4. The officer or servant suspended under this rule shall be re-instated only after the previous approval of the Registrar." Respondent No.1-Co-operative Society also framed its bye-laws in terms of Rule 2(c) whereof the Board would mean all Directors of the Bank or the Managing Committee.

It is not in dispute that the Society has not been constituted under an Act. Its functions like any other Co-operative Society are mainly regulated in terms of the provisions of the Act, except as provided in the bye-laws of the Society. The State has no say in the functions of the Society. Membership, acquisition of shares and all other matters are governed by the bye-laws framed under the Act. The terms and conditions of an officer of the Co-operative Society, indisputably, are governed by the Rules. Rule 56, to which reference has been made by Mr. Vijay Kumar, does not contain any provision in terms whereof any legal right as such is conferred upon an officer of the Society.

It has not been shown before us that the State exercises any direct or indirect control over the affairs of the Society for deep and pervasive control. The State furthermore is not the majority shareholder. The State has the power only to nominate one director. It cannot, thus, be said that the State exercises any functional control over the affairs of the Society in the sense that the majority directors are nominated by the State. For arriving at the conclusion that the State has a deep and pervasive control over the Society, several other relevant questions are required to be considered, namely:

  1. How the Society was created?;

  2. Whether it enjoys any monopoly character?;

  3. Do the functions of the Society partake to statutory functions or public functions?; and

  4. Can it be characterized as public Authority? The respondent No.1-Society does not answer any of the afore- mentioned tests. In the case of a non-statutory society, the control thereover would mean that the same satisfies the tests laid down by this Court in Ajay Hasia vs. Khalid Mujib Sehravardi [(1981) 1 SCC 722]. [See Zoroastrian Coop. Housing Society Ltd. vs. District Registrar, Coop. Societies (Urban) & Ors. reported in 2005 (5) SCC 632.] It is well settled that general regulations under an Act, like Companies Act or the Co-operative Societies Act, would not render the activities of a company or a society as subject to control of the State.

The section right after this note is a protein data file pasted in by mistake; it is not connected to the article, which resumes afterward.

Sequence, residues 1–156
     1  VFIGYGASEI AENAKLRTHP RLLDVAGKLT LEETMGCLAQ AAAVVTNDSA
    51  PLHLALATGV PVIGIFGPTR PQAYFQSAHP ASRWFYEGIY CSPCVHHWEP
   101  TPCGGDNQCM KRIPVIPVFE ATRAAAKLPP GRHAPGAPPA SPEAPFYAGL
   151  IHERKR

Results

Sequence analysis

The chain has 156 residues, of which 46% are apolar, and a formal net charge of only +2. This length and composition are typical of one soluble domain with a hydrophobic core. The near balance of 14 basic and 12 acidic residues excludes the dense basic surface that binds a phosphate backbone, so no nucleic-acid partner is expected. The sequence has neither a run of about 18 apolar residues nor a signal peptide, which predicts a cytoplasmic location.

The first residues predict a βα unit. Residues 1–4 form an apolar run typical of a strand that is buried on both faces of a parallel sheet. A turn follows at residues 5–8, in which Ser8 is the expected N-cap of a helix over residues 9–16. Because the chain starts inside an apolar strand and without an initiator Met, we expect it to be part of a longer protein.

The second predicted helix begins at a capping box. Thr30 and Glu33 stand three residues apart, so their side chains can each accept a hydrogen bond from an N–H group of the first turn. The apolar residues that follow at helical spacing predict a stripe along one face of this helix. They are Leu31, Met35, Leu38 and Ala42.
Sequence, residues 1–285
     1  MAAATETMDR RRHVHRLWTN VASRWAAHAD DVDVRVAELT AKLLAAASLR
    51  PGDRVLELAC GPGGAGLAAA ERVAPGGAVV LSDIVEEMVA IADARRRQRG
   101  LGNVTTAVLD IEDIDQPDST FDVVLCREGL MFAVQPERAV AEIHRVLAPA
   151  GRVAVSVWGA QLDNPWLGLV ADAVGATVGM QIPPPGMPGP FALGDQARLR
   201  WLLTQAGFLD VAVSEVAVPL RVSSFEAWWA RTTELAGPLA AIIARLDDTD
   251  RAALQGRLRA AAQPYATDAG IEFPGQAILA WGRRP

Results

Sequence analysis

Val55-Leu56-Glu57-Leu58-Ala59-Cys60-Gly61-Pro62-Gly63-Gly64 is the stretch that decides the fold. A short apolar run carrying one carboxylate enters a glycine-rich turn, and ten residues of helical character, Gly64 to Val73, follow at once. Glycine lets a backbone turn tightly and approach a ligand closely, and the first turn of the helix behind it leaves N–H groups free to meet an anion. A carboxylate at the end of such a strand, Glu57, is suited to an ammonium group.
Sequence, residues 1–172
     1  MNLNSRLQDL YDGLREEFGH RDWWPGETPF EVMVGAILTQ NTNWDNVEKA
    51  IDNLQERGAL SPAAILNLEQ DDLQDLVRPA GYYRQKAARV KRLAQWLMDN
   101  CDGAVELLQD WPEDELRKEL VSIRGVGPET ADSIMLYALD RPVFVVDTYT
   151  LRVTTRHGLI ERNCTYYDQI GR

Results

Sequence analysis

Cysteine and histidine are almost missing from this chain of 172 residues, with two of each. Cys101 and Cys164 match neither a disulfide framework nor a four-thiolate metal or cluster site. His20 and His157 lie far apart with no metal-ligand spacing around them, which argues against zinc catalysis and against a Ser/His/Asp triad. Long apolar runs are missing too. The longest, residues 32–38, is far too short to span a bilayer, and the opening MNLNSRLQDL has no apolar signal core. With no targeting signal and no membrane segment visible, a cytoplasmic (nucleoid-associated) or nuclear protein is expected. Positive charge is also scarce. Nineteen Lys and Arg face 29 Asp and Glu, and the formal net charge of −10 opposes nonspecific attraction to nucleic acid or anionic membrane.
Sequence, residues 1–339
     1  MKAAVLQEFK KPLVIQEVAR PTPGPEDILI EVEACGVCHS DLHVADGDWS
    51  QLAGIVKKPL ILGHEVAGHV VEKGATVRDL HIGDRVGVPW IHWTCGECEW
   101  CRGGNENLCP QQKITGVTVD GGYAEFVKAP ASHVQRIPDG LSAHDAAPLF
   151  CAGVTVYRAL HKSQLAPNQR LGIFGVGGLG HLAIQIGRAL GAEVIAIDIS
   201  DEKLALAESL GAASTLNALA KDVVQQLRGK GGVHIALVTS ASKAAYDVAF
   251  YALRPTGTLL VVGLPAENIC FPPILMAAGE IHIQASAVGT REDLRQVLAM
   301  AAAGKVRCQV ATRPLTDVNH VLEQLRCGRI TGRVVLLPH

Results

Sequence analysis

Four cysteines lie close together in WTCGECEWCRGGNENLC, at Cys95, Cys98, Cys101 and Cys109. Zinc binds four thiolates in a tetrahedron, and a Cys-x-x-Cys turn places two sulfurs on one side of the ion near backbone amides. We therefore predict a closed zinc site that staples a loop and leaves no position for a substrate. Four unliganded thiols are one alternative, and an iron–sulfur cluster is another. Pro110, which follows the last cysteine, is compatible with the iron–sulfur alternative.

Such control in terms of the provisions of the Act are meant to ensure proper functioning of the Society and the State or statutory authorities would have nothing to do with its day-to-day functions.

The decision of the Seven Judge Bench of this Court in Pradeep Kumar Biswas (supra), whereupon strong reliance has been placed, has no application in the instant case. In that case, the Bench was deciding a question as to whether in view of the subsequent decisions of this Court, the law was correctly laid down in Sabajit Tewary vs. Union of India & Ors. [(1975) 1 SCC 485], and it not whether the same deserved to be overruled. The majority opined that the Council of Scientific and Industrial Research (CSIR) was a 'State' within the meaning of Article 12 of the Constitution of India. This Court noticed the history of the formation thereof, its objects and functions, its management and control as also the extent of financial aid received by it. Apart from the said fact it was noticed by reason of an appropriate notification issued by the Central Government that CSIR was amenable to the jurisdiction of the Central Administrative Tribunal in terms of Section 14(2) of the Administrative Tribunals Act, 1985. It was on the aforementioned premises this Court opined that Sabhajit Tewary (supra) did not lay down the correct law. This Court reiterated the following six tests laid down in Ajay Hasia vs. Khalid Mujib Sehravardi [(1981) 1 SCC 722]: